You can sue for Post-Traumatic Stress Disorder (PTSD) or emotional distress after a car accident here in Texas as long as it was caused by the crash. At Crowe Arnold Majors, LLP, our team of Dallas car accident lawyers has seen that it is not just the drivers and passengers who may suffer– bystanders who witnessed the collision may also be affected.
One of the categories of damages available in a car accident claim is pain and suffering. While we traditionally think of physical injuries as the worst repercussion of a car crash, the mental anguish that victims suffer from can be just as excruciating, if not more so—and is part of the legal definition of pain and suffering.
How Do I Know if I Have PTSD?
Unlike a broken leg or a Traumatic Brain Injury (TBI), PTSD is not as easy to diagnose. Some of the common symptoms associated with PTSD include the following:
- Frequent flashbacks or nightmares about the accident
- Severe distress
- Avoidance of places, people, activities, or things that remind you of the crash or avoid discussing or even thinking about it. Examples of this could be that you refuse to drive a car, refuse to go on the highway, or unable to return to work because the crash occurred while you were en route.
- Relationship difficulties, despair, loss of interest in activities you previously enjoyed, feeling detached, or feeling numb
- Trouble sleeping, trouble eating, trouble performing your everyday tasks either at home or work, difficulty concentrating, irritability, extreme guilt, paranoia, or being easily startled or scared
- Thoughts of harming yourself
- Physical pain
- Becoming addicted to drugs, alcohol, or prescription medications to dull the emotional pain
Common Damages Associated with PTSD
Like many injuries or illnesses, some cases of PTSD are more severe than others and can impact the victim for years. This can significantly impair the quality of life, and the legal system here in Texas recognizes that and is built to compensate you for those damages. Some of the potential damages associated with PTSD include the following:
- Lost wages
- Loss of earning capacity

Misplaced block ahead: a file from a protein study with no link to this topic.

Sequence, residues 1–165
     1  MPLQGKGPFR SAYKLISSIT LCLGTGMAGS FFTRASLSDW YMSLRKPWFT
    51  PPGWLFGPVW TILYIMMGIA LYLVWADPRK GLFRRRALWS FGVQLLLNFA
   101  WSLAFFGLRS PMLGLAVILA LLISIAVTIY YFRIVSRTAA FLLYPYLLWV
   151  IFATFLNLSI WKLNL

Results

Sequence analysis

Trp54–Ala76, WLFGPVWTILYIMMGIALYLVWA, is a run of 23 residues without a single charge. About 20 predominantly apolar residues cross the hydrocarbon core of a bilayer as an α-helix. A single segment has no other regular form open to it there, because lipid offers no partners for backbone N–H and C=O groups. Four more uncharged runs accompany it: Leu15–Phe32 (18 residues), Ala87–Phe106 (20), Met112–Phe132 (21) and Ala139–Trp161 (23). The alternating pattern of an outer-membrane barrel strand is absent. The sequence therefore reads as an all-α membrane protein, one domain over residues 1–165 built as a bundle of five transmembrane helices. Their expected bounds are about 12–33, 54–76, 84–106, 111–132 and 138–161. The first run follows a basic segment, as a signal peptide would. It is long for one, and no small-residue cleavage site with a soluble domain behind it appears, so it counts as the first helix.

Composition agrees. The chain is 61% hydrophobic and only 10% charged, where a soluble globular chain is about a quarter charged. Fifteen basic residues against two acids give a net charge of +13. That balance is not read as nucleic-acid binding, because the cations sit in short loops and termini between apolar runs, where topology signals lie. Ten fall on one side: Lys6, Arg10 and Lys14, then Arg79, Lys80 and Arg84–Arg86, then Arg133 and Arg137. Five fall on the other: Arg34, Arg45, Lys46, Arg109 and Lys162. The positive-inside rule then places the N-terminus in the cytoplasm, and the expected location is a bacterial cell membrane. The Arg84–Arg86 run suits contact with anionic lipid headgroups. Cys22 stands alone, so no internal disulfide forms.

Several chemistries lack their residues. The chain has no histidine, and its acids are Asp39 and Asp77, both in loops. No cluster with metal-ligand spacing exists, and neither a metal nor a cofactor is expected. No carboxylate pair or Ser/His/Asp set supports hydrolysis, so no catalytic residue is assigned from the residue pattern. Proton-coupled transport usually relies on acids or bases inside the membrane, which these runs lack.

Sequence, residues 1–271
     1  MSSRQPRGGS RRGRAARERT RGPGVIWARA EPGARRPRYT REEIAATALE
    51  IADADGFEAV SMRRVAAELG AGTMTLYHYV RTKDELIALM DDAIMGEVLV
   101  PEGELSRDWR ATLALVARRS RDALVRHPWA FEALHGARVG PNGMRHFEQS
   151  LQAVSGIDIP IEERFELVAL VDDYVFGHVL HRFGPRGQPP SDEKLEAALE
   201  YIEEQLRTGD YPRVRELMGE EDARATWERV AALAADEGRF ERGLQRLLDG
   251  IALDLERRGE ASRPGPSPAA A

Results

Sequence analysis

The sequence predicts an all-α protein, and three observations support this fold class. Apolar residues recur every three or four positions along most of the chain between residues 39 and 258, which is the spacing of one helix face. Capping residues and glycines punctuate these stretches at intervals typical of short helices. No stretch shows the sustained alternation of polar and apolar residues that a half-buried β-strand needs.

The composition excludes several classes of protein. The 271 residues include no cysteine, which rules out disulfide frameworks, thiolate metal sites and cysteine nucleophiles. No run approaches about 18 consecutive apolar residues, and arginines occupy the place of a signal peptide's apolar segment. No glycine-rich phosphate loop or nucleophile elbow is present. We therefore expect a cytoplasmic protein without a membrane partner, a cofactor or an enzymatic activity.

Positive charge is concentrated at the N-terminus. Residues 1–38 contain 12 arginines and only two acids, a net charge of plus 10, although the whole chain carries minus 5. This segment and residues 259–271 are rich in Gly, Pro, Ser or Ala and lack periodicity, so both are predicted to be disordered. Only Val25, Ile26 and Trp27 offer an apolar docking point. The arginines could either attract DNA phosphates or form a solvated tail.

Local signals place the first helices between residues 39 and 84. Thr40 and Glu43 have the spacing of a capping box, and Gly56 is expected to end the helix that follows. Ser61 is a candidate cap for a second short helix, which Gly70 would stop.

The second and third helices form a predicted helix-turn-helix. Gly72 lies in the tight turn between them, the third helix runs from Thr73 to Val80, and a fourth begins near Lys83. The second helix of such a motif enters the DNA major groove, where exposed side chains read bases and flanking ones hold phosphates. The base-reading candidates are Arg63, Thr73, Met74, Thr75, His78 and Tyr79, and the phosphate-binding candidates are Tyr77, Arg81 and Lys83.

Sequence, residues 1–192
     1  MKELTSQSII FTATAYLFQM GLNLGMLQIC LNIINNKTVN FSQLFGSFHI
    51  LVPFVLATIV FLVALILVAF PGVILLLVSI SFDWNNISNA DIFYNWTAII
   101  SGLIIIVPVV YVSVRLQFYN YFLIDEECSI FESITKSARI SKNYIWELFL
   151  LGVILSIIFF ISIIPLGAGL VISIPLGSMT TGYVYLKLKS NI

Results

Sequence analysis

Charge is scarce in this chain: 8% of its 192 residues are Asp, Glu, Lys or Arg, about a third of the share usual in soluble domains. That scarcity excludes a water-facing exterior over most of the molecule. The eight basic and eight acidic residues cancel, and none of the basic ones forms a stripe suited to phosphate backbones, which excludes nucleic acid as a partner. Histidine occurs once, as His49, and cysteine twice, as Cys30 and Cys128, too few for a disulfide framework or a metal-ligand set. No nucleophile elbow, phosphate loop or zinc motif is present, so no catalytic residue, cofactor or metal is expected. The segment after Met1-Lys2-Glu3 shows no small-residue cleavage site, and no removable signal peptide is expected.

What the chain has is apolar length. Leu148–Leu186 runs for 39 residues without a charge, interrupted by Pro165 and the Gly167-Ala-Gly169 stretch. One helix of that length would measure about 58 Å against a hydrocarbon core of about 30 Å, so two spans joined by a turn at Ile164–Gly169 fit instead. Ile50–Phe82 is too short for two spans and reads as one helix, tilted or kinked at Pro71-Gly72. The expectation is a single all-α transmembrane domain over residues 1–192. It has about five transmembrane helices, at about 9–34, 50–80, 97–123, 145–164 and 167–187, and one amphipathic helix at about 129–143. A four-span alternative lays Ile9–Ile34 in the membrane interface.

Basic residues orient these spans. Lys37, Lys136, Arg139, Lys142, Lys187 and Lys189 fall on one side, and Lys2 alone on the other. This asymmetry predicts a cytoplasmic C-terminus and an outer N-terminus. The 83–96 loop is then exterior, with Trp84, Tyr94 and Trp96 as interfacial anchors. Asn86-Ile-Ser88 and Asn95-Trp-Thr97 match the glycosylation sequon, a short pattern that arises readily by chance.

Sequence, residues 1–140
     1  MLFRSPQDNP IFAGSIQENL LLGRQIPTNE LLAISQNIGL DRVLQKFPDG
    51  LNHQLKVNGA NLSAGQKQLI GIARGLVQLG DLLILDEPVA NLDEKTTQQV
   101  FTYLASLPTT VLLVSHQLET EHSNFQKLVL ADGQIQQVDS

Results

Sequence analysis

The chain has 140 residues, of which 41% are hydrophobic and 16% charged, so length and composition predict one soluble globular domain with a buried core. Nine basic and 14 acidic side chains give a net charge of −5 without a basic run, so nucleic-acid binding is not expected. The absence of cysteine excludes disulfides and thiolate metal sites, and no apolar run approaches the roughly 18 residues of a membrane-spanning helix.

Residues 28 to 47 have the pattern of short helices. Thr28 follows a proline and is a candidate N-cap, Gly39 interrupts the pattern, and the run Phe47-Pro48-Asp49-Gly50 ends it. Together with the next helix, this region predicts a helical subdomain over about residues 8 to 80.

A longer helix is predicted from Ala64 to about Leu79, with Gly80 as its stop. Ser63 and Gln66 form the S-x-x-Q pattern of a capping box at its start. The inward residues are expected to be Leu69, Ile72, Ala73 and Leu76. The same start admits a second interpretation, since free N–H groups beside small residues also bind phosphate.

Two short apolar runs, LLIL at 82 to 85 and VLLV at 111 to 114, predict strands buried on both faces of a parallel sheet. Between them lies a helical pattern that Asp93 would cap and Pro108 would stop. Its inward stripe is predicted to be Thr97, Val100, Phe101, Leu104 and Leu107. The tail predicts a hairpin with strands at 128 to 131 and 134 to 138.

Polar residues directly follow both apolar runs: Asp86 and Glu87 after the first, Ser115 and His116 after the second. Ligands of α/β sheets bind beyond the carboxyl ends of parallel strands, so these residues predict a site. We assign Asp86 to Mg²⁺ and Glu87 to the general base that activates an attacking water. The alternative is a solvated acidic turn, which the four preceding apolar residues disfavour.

- Loss of companionship
- Loss of consortium
- Medical and mental health bills
- Prescription drug costs
What is Emotional Distress?
In addition to PTSD, emotional distress is another form of mental anguish. There are two types of claims that you may file following a car accident: Intentional Infliction of Emotional Distress (IIED) and Negligent Infliction of Emotional Distress (NIED). IIED claims are rarer in car crashes, as the other driver must have possessed the intent to cause you distress and must have acted outrageously—however, this could occur in some road rage accidents.
NIED, on the other hand, is more common. In one common manifestation of these cases, you may recover financially if you witness a loved one die in an accident while you were in the car. Note that it does not cover situations where you experienced trauma when you heard about a fatal accident. Finally, the elements you must prove in an NIED claim are as follows:
- You were either involved in the crash or observed it from close proximity
- You have suffered emotional harm due to witnessing this accident while it happened
- The relative who died was in your immediate family
The Right Advocate Can Help Maximize Your Financial Recovery
Because mental anguish can be more challenging to identify than a physical injury, an experienced Dallas auto accident lawyer can be invaluable in your case to help the defendant and the jury– if necessary– understand how PTSD or emotional distress has impacted you. At Crowe Arnold & Majors, LLP, we have the experience and the team of experts who can build your case step by step and demonstrate to others how this crash has changed your life.
Contact us for a free, confidential case review
If you have questions about PTSD or emotional distress after a car accident in Texas, call us today to book a free consultation with a personal injury attorney. Because we work on a contingency-fee-basis, there are no upfront legal costs.